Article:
Munro discovers that his wife has secretly visited the cottage, and one day he follows her. Munro is about to enter the cottage when his wife implores him not to. Effie promises that she will never return to the cottage, but it is a promise quickly broken.
Discovering the deceit, Munro breaks into the cottage to find out about the occupants and the yellow face that appears at the window. When he gets into the cottage, though, Munro finds it empty, although he does find a picture of his wife on the cottage’s mantelpiece.
A New Neighbour for Grant Munro
At his wits end, Munro had then decided to consult with Sherlock Holmes.
After listening to the problem, Holmes simply advises Munro to return home and find whether the cottage is now occupied again.
After Munro has left, Holmes then confides in Watson as to the deduction he has made. Holmes believes that the cottage has been occupied by Effie’s first husband, who has perhaps been deformed in some way by the yellow fever, and is now blackmailing Effie into silence.
It is a theory that Holmes is still working on, when Munro sends a message to Holmes, asking him to come down to Norbury. Munro has decided to enter the cottage once again, and has decided to have Holmes and Watson as witnesses.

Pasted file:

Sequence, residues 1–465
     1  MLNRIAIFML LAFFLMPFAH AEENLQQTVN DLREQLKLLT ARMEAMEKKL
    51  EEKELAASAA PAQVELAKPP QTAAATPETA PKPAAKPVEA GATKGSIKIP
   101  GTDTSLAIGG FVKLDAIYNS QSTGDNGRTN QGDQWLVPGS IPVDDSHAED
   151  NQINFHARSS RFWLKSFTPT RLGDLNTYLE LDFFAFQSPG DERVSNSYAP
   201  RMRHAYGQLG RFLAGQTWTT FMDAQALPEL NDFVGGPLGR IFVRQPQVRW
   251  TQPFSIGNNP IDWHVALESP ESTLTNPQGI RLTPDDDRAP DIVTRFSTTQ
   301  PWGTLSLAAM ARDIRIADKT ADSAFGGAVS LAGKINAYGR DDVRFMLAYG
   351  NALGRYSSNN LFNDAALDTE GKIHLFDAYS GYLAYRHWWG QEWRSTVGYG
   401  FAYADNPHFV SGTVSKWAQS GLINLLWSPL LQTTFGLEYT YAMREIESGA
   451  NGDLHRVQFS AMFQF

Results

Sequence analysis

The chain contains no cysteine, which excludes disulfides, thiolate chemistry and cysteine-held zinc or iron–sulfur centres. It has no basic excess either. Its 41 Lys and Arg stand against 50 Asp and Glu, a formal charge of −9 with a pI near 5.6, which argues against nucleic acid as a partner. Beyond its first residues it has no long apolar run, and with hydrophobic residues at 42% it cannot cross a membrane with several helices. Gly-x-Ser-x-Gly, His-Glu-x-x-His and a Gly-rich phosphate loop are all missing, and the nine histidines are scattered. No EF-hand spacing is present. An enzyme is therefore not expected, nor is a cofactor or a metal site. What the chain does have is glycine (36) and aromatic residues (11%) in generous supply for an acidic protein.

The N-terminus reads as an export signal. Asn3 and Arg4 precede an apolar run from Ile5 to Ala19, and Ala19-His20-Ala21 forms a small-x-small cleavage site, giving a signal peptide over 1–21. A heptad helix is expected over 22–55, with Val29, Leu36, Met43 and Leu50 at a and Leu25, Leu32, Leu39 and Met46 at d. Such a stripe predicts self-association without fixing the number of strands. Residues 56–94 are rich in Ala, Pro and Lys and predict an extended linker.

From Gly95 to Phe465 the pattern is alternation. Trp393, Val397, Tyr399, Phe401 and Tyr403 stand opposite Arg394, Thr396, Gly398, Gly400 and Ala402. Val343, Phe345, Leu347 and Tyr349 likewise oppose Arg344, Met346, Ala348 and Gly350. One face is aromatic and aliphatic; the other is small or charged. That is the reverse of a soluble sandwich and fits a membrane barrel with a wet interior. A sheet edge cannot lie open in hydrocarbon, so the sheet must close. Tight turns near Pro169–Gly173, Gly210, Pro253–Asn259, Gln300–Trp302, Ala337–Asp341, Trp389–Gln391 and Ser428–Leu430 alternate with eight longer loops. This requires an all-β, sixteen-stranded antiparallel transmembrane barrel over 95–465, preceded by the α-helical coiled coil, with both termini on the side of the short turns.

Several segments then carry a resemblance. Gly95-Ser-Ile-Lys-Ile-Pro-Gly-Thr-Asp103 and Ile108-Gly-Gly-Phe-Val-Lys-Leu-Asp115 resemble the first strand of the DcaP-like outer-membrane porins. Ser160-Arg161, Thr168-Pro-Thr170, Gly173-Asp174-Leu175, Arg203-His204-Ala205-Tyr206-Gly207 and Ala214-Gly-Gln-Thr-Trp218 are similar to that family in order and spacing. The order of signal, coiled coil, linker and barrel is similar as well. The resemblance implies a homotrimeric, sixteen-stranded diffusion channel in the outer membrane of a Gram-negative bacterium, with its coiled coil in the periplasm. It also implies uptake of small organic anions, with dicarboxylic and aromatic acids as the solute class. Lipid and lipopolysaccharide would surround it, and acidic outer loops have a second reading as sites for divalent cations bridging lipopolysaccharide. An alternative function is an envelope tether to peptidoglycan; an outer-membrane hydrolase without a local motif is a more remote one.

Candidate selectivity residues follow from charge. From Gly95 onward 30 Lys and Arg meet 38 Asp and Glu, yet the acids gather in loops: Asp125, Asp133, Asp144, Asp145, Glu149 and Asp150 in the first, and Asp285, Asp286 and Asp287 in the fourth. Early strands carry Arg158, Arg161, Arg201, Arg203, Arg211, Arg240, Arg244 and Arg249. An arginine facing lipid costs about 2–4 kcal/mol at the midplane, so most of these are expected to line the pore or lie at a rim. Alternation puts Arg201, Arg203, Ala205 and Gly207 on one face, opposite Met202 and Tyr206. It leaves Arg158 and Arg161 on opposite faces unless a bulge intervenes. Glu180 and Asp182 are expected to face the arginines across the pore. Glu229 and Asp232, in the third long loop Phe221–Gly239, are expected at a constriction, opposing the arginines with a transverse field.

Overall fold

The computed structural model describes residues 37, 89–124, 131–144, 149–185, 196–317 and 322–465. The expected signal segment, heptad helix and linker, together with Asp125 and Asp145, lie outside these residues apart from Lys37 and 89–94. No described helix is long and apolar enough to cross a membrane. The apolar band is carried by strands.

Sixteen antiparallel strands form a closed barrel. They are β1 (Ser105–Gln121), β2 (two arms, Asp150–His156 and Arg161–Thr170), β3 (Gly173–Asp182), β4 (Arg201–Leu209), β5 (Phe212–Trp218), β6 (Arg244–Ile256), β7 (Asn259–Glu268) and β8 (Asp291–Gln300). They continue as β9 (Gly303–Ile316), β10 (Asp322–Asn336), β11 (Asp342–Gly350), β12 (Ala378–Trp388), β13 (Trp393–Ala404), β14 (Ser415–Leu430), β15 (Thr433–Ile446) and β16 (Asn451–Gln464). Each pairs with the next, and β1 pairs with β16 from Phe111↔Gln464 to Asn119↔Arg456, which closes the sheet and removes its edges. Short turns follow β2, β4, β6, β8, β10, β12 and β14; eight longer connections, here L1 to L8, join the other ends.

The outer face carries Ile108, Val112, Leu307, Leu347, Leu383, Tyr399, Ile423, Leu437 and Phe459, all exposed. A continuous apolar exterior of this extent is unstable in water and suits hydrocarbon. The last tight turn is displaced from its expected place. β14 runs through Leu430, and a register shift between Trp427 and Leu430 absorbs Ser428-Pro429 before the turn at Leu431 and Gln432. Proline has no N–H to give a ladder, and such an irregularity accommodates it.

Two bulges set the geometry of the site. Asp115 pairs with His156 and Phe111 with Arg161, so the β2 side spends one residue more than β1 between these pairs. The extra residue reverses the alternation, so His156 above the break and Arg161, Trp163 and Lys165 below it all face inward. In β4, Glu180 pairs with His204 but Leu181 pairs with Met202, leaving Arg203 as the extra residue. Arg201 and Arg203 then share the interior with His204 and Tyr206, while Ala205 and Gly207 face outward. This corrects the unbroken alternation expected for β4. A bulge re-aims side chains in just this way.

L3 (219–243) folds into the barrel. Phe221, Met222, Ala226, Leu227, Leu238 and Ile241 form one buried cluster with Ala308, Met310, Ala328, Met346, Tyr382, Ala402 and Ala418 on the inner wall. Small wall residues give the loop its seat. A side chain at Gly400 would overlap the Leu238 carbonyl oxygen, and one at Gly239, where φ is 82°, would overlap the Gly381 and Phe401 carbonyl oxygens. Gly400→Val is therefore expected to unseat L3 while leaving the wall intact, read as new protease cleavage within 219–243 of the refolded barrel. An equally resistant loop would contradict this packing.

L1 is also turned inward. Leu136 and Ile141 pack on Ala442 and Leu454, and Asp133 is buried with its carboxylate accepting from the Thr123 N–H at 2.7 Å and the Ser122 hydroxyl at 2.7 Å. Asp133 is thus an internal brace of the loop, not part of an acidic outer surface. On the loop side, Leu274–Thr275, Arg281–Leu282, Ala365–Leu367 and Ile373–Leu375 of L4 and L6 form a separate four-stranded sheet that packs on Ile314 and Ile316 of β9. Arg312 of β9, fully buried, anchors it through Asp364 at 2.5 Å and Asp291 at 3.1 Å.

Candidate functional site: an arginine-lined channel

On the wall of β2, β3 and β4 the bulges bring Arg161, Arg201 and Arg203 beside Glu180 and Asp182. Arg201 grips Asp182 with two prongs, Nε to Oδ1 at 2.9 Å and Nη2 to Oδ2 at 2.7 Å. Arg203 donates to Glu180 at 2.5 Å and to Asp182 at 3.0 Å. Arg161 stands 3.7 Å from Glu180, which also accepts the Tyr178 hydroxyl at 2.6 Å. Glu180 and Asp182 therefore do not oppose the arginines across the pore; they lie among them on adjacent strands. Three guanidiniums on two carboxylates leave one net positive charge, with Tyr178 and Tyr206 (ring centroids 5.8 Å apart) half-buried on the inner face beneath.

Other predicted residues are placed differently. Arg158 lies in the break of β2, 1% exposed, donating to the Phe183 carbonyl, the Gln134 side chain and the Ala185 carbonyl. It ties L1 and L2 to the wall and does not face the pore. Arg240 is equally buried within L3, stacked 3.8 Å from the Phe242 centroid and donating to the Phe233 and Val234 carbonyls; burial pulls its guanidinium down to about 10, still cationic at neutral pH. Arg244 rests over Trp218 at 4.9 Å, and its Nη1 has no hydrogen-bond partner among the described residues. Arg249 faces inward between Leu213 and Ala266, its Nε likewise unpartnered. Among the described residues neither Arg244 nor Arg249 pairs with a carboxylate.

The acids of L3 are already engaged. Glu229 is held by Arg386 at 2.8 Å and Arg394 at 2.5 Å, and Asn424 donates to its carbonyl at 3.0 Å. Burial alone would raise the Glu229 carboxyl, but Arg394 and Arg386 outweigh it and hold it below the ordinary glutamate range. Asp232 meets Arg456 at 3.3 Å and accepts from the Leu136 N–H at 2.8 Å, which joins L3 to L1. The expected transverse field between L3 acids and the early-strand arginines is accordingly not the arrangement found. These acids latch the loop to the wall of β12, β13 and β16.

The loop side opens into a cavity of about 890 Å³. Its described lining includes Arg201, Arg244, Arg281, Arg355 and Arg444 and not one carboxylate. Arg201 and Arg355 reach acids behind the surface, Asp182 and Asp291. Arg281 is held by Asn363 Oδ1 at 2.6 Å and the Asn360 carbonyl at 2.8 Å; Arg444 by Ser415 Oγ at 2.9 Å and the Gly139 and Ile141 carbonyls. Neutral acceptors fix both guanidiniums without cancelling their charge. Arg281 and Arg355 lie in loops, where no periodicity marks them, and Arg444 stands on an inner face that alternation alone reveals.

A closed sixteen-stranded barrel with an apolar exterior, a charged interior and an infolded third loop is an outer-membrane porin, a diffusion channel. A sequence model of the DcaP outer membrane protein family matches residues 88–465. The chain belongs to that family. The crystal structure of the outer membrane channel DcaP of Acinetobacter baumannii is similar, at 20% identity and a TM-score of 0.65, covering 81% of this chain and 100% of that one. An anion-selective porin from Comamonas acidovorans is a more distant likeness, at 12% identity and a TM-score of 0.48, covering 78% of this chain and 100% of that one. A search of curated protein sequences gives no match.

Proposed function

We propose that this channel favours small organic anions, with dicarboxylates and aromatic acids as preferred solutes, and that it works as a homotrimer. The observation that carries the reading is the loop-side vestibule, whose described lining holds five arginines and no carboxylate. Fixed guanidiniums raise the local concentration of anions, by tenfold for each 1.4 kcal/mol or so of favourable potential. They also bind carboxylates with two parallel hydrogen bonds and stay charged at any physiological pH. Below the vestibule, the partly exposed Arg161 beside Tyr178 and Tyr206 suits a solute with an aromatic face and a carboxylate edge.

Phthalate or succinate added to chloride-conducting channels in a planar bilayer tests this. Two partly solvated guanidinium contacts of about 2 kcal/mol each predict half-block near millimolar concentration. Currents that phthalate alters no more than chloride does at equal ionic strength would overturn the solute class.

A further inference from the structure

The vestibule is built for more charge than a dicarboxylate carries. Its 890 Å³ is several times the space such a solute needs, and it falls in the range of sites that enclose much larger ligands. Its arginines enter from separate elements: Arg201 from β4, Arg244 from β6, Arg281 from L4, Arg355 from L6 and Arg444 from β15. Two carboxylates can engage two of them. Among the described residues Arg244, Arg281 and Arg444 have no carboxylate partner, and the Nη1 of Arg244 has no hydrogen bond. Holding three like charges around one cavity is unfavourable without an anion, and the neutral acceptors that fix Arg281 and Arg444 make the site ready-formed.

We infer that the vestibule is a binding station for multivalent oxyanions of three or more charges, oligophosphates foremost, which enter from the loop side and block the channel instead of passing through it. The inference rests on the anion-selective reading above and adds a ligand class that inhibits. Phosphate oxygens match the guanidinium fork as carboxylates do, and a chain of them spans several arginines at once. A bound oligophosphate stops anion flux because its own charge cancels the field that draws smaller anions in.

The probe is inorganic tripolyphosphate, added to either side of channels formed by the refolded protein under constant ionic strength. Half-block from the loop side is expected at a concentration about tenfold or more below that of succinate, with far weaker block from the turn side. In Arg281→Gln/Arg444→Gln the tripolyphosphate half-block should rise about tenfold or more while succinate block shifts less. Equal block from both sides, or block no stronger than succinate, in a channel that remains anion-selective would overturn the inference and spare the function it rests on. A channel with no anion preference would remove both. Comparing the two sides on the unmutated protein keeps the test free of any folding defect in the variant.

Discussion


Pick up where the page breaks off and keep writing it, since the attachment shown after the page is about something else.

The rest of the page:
At Norbury, Munro, Holmes and Watson do gain entry to the cottage, despite the pleadings of Effie Munro.
The cottage though, is not occupied by John Hebron, but by Lucy, Effie’s daughter.
It turns out the John Hebron was a black American, and therefore Lucy was of mixed parentage. When John Hebron had died, Lucy had been too sick to travel, and so Effie had left her behind in America in the care of her Scottish nurse. Effie though, had used the 100 pounds, to bring the pair over to England, when Lucy was well enough to travel.
Effie though was worried about Munro’s reaction to finding out about Lucy, and had therefore hidden her away, even making Lucy wear a mask to cover her facial features.
Holmes’ deductions have therefore proven to be incorrect, but so were Effie’s belief’s about her new husband. For Munro proves to be a “better” man than Effie thought, for Munro is very much in love with his wife, and picks up his new stepdaughter in his arms, and walks hand-in-hand with his wife, back to their home.
Holmes and Watson discretely return to London, and recognising his own failures in the case, Holmes asks Watson to say the word “Norbury”, whenever Holmes appears too arrogant during a case.